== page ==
Maceo mobilized their compatriots in Nicoya (Costa Rica) to organize the exploitation of an agricultural colony, to which he gave the name of La Mansion. In it they cultivated tobacco, cane sugar, cotton, cocoa and coffee, on a cooperative basis. In Costa Rica, Maceo returned to meet with José Martí, who was trying to coordinate the forces of the various pro-independence leaders in exile (Calixto García in New York, Máximo Gómez in Santo Domingo) to launch a new uprising. It was agreed that Marti, from New York, would designate the precise moment in which Maceo break to Cuba to start the attack. On February 24, 1895 broke out the first pro-independence riots on the island and, a month later, Maceo went back to their homeland. Along with other twenty-five men, left Puerto Limon in an English steamer that the captain of the boat landed them in Baracoa on April 1, after a serious dispute with the crew that was killed. Nothing but dry land, the rebels suffered the attack of a Spanish detachment in the vicinity of Duaras, forcing them to retreat to knives Quibijan. The 11th came to Cuba Martí and Gómez, who met with Maceo the 5th of the following month on the farm La Mejorana to organize politically and to establish a plan of campaign. This basically consisted of conquering East to then invade the western part of the island through the trail or line between Jucaro and Moron. Already at this meeting were revealed important differences that separated to Maceo and Marti. This wanted to reduce the power of the generals to establish a civilian Government that was put in front of the insurrectional movement, which resisted Maceo.

The uprising suffered a setback to dying Martí on May 19 in a clash with Spanish troops in Dos Ríos. On 19 September, Gomez and Maceo met in Jimaguaya. Maceo received the command of the operations in the West and both leaders agreed to appoint President of the Republic in arms to Salvador Cisneros and promulgated a provisional Constitution, which was drafted in this same meeting. On 22 October, Maceo started in the sleeves of Baragua a March that would take you from one end to another of the island, in a westerly direction. On January 22, 1896 arrived with his men to the town of Mantua, in the Western Province of Pinar del Rio, after traveling throughout the island in three months, with an army improvised and poorly armed, thickened along the way by a multitude of Patriots. Maceo troops were harassed relentlessly by the Spaniards during their advance, but after making a false retreat manoeuvre, Maceo got disorganize the Spanish Defense and penetrate in the West. The success of the insurrection, which already extended around the country, forced the replacement of the Governor Martínez Campos by general Valeriano Weyler, who undertook a tough crackdown on the nationalist movement. Weyler managed to stem the advance of Maceo and Gomez in the Western provinces through a continuous attack of cavalry forces, which managed to keep separate the two bodies of the insurgent army. Maceo ventured in Pinar del Rio province, while Gomez was receding to Camagüey. Weyler directed the bulk of his army against the first, trying to reject him East.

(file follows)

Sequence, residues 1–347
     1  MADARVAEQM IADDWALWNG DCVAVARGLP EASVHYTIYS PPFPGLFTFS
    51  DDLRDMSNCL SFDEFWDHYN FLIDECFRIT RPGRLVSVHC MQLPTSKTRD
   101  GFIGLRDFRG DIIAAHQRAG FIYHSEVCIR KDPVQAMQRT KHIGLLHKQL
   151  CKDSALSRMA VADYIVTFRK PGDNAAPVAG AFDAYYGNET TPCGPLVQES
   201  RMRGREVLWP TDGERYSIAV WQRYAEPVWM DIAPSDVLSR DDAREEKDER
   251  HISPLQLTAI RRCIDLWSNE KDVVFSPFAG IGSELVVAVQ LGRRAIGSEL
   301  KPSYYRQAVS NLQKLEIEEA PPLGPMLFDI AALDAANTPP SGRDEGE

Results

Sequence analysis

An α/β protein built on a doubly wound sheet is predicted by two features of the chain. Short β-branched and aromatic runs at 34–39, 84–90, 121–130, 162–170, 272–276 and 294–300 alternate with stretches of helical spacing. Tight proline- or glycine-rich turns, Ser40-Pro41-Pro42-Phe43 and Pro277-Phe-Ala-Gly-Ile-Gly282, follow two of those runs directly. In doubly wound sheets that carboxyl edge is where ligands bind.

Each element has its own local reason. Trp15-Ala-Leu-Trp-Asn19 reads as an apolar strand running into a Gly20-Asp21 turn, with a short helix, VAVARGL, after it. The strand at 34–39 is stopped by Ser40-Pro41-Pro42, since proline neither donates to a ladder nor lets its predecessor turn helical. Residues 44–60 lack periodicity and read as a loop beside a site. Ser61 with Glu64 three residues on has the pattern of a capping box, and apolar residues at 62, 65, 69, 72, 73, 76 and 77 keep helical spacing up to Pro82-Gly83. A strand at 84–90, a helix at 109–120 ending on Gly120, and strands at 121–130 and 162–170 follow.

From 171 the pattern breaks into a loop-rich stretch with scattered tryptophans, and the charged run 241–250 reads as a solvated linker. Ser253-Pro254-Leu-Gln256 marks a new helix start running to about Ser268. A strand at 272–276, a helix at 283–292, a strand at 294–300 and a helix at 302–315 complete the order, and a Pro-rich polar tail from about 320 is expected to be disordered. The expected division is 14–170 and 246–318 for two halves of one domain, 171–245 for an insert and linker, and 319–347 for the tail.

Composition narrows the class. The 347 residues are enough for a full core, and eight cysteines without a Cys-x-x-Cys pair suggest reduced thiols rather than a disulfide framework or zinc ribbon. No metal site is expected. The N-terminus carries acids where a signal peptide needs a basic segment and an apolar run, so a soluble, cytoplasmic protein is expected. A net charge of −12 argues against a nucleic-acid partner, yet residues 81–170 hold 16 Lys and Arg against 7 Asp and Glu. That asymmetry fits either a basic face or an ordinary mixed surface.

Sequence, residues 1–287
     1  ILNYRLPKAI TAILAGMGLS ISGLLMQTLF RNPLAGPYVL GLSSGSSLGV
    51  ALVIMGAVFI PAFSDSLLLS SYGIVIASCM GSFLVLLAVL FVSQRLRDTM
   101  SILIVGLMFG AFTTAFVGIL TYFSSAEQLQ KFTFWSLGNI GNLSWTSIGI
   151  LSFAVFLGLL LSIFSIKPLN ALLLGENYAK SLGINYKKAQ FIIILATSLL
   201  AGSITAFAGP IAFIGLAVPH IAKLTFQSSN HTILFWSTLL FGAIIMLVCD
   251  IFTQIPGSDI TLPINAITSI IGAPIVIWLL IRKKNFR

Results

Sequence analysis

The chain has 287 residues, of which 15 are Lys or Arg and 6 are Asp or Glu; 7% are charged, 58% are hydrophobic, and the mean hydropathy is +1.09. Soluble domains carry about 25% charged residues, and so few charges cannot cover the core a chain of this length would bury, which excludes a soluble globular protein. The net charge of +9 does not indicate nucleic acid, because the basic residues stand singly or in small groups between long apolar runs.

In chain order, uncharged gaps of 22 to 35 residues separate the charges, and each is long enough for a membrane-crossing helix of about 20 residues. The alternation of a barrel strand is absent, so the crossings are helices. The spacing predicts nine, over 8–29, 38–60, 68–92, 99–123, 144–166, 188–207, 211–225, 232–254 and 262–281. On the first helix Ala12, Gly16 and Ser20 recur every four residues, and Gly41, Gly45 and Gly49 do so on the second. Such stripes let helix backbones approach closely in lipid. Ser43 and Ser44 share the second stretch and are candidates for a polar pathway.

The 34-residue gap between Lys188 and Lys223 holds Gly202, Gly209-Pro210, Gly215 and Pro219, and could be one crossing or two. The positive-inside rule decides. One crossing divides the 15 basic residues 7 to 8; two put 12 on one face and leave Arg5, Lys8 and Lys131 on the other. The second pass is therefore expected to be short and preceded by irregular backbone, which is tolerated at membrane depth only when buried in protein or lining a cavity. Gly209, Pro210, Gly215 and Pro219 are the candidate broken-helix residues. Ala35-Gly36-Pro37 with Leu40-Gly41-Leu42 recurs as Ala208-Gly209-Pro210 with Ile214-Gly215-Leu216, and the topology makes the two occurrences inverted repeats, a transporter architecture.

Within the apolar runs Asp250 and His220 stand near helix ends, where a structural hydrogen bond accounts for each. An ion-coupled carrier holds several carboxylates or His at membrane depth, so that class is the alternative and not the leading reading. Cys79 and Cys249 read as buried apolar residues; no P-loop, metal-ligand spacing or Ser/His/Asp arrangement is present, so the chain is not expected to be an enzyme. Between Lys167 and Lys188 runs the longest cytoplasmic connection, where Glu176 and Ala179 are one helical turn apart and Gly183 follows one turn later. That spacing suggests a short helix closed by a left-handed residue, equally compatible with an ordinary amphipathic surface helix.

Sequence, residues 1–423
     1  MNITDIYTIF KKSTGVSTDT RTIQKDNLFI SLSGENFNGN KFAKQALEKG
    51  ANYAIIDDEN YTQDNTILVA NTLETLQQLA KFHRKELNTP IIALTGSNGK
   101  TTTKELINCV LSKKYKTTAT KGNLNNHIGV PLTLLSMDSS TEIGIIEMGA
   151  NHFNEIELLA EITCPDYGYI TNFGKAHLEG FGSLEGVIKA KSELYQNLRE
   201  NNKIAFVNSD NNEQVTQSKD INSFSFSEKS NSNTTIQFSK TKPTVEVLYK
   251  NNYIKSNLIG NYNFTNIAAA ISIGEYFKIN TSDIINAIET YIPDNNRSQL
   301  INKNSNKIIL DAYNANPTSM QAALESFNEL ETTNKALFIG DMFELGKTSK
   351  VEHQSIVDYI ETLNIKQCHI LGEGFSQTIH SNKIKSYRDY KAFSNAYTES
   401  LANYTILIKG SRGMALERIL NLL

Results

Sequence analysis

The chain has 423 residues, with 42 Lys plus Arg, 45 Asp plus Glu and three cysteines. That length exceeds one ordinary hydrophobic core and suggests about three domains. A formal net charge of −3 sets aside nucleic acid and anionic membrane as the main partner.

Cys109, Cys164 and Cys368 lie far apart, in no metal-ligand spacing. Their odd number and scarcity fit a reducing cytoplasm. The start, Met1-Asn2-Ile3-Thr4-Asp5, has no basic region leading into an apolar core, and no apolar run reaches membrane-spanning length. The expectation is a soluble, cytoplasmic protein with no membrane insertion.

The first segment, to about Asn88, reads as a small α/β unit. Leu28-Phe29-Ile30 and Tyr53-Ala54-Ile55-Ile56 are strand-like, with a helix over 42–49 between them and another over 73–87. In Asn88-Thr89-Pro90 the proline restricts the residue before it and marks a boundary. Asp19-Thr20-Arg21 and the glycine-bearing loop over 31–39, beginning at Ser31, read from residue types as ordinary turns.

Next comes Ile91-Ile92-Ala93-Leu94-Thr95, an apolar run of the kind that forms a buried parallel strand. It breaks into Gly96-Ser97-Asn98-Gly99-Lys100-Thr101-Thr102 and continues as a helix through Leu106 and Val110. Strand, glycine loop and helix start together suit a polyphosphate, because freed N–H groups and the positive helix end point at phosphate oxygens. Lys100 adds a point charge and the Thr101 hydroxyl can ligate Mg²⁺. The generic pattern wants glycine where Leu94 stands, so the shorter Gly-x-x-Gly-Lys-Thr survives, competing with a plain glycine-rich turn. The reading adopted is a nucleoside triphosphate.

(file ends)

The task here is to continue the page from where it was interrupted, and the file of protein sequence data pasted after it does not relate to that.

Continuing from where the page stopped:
Harassed relentlessly, Maceo had to continuously fight a withdrawal, but tried to rejoin the forces of Gómez close to Havana. On December 4, 1896 he spend in a boat the trail from Mariel-Majana, garnished by 12,000 Spaniards, to go with a small group of men in the province of Havana, where he suffered a series of setbacks against the Spaniards, far superior in number. In front of about two thousand men, moved to Punta Brava, in a new attempt to meet with Gomez. On the evening of December 7, his camp was attacked by surprise by a column of 480 Spanish soldiers led by Commander Francisco Cirujeda. After several hours of fighting, the Spaniards succeeded in gaining positions and Cirujeda launched a frontal attack against the center of the Cuban forces, where Maceo and his staff were. Maceo was hit by two bullet impacts causing instant death. Many Cuban officials were injured or dead, but insurgents managed to recover the body of Maceo and retire. His disappearance meant a hard blow to the Cuban independence movement, but the rebellion continued in command of Gómez.

See San Pedro de Abanto, action (1896).

Bibliography

DIEGO, e. of.: 1895: war in Cuba and the Spain of the restoration. Madrid. 1996.

MACEO, a.: Antonio Maceo, political ideology, letters and other documents. La Habana. 1950-1952.

MARQUINA, r.: Antonio Maceo, eponymous hero. La Habana. 1947.

PORTUONDO's Meadow, f.: history of Cuba. La Habana. 1965 vol. 1.